Margaret Glaspy & Julian Lage + Liza Anne @ L’Escogriffe – 16th May 2018

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Rude Ruth

Insulated against the dead-of-winter chill by the walls of a friend’s basement and charm of sharing newly discovered music, I was first introduced to Margaret Glaspy through her 2016 album Emotions and Math. At the time, her unique sound was the perfect addition to any January playlist, the rock edge to her cool singer-songwriter minimalism like a sip of hot cocoa while watching the snowfall. Fast forward months later, and I found myself in another basement, this time to see the artist perform with musical partner and boyfriend Julian Lage at the bar-cum-venue of l’Escogriffe. Though quite a different scene to my initial associated memories, I’m happy to report her music is equally compatible with the (finally) balmier backdrop of Montreal in May.

Margaret Glaspy Montreal photos

The night began with Liza Anne, whose solo live act sounded so different from her band-backed recordings I didn’t recognize her until a few songs in with “Paranoia,” a standout from her most recent album Fine But Dying. She presented the lack of additional instrumentation in her set as an opportunity for the the audience to “hear the melodrama in [her] head,” pronouncing the word almost like “mellow-drama” in a way that, though likely not intentional, was apropos of the frank lyrics addressing mental health and love which she has matured into over the course of three albums. After a final remark explaining their significance, she finished with the two songs that book-ended the songwriting process for the album.

Julien Lage Montreal

Glaspy and Lage faced the crowd a half hour later to deliver a set that continued with the stripped-down approach established by Anne. This time, my surprise came from the fullness of the duo’s sound even without the drums and bass from the studio sessions, a hallmark of Glaspy’s strong songwriting and the pair’s complementary strengths. Lage took on the duty of guitar accompaniment himself for the first two songs while Glaspy focused on vocals that matched the rich tone of Lage’s playing. The tight quarters of l’Escogriffe can be less than forgiving to mistakes, but Glaspy’s intonation stayed true with an ease that suggested the comfortable intimacy of the bedroom in which the album was first conceived and the confidence from the past two years spent touring it. The musical compatibility between Glaspy and Lage was thoroughly evident even before she affirmed it by describing the opening songs as unreleased products of the duo’s combined efforts under the moniker Rude Ruth. After the introduction, Glaspy eased into the first lines of “Emotions and Math” from her own album, strumming along with the guitar she had picked up. Even as the pair transitioned into songs by just Margaret Glaspy, their musical chemistry was still apparent in the way their guitar parts combined into a balanced, cohesive support for Glaspy’s vocals.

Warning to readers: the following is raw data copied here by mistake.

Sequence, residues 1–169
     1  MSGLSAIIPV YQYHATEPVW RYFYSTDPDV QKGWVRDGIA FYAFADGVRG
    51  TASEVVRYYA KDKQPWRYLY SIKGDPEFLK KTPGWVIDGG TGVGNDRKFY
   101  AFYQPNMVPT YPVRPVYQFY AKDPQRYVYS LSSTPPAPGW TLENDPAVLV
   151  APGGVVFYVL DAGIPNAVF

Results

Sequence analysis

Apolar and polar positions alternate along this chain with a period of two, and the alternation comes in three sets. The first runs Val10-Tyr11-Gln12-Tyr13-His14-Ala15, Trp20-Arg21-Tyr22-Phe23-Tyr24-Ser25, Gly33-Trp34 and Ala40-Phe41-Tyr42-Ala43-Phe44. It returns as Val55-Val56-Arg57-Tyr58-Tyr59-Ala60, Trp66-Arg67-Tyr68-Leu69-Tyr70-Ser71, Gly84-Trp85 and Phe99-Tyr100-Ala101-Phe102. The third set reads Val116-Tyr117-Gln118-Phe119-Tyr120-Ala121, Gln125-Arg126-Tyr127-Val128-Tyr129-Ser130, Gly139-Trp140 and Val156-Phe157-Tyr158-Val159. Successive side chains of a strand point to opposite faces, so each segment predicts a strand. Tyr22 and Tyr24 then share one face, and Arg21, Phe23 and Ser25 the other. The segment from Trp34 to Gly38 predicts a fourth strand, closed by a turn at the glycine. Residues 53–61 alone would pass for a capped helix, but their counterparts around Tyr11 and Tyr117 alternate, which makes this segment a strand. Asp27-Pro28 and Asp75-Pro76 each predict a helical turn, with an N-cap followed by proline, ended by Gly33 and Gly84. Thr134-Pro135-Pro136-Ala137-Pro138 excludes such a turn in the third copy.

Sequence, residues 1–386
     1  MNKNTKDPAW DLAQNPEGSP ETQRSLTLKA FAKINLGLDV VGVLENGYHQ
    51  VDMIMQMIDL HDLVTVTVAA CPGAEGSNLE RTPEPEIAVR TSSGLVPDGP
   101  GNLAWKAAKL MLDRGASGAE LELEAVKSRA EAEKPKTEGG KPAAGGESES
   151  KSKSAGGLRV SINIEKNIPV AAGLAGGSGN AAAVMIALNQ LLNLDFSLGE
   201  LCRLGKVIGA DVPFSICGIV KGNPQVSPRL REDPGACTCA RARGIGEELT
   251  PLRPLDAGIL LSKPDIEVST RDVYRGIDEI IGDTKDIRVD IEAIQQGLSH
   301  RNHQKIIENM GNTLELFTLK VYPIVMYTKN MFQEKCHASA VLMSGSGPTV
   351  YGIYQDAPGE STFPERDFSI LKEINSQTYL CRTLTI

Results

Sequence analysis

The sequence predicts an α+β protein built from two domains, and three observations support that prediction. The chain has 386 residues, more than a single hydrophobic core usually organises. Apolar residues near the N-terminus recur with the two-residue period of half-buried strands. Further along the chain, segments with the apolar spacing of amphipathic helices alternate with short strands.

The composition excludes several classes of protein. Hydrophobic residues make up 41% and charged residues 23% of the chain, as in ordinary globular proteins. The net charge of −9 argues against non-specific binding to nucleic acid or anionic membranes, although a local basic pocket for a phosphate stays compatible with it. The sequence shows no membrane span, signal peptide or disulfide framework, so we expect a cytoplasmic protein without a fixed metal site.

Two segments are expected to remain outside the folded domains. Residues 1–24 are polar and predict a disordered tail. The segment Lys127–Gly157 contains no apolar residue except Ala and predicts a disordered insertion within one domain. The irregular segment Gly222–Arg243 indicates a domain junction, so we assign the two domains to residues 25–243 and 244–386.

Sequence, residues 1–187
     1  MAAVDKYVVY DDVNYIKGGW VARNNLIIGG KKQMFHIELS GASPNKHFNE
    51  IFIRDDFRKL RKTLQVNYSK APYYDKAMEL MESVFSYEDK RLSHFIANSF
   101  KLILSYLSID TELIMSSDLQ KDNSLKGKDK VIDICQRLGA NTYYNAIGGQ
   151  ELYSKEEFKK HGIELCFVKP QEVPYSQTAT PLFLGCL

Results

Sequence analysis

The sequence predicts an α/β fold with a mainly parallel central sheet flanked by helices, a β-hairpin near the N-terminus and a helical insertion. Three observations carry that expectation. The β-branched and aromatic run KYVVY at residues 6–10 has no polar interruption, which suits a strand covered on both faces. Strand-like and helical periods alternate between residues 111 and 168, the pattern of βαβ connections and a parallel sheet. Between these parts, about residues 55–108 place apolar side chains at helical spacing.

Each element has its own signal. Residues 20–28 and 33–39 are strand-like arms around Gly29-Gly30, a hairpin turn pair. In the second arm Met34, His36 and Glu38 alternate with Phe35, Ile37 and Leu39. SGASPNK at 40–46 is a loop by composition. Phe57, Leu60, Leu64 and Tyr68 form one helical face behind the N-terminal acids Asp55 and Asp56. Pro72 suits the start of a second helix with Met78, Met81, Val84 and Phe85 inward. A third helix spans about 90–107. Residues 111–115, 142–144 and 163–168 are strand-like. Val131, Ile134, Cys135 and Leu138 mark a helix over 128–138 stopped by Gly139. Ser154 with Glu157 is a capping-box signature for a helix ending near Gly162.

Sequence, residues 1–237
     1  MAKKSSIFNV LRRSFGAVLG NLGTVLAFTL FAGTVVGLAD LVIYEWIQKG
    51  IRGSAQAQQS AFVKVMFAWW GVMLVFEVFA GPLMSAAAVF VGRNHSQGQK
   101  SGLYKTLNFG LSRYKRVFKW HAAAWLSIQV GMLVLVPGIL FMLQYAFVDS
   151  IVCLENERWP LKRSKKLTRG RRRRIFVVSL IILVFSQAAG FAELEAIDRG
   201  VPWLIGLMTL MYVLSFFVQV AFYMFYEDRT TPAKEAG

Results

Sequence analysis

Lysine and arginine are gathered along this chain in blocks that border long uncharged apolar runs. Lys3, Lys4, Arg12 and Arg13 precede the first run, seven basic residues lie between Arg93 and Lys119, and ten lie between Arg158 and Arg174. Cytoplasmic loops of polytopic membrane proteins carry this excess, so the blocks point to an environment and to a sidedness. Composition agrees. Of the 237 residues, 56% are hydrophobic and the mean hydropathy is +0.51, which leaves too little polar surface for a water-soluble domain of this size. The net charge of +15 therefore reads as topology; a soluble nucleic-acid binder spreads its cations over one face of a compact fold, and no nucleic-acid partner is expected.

Margaret Glaspy Julien Lage review

Midway into the set, Glaspy dropped back while Lage enthralled the crowd with “Study for Electric Guitar.” Switching out a vintage-looking Telecaster for his custom TK Smith, the original piece weaved together double stops, seamless counter-melodies, and fluttering tremolos that showcased Lage’s extensive jazz background livened by contemporary influences. After striking a final note on the neck of the guitar, his prodigious technique and breathtaking tone were summarized perfectly by a comment overheard amidst the cheers: “just, wow.”

Margaret Glaspy Julien Lage

Glaspy followed up by taking her own turn alone for a symbolically appropriate performance of “Somebody to Anybody,” drawing the audience back in with the raw gravity of her voice. Lage joined back in for the pair to reprise their Rude Ruth status for two more songs before a couple of covers including Neil Young’s “Harvest Moon,” prefaced as a selection from Glaspy’s “favorite Canadian songwriter.” Songs from a freshly released 3-track single, Born Yesterday, were next. Leaning into the dissonant chords of one of these songs, “One Heart and Two Arms,” Lage briefly broke out with a solo that noodled around in unconventional scales before descending back into the song’s crunchy chorus. The pair kept up the distortion with “You and I,” the barreling rhythm guitar furnished by Lage and growling vocals from Glaspy. After a fleeting exit as convincing as stepping off the foot-high platform would allow, the duo returned for a head-nodding encore of the last song off the new release, “Before We Were Together.” A handful of audience members supplied the missing tambourine part with hand claps, topping off the evening with an upbeat flourish and undoubtedly leaving lasting fans awaiting Lage’s upcoming return to Montreal later this year.

Margaret Glaspy MontrealJulien Lage

Best Behavior (Rude Ruth song)
Book with No Binding (Rude Ruth song)
Emotions and Math
Pins and Needles
Love Like This
No Matter Who
Study for Electric Guitar (Julian Lage song)
Somebody to Anybody
Katonah (Rude Ruth song)
Made A Scene (Rude Ruth song)
Talkin’ Like You (Connie Converse cover)
Harvest Moon (Neil Young cover)
I Love You, Goodnight
One Heart and Two Arms
You and I

Before We Were Together

Review – Dylan Lai
Photos – Steve Gerrard

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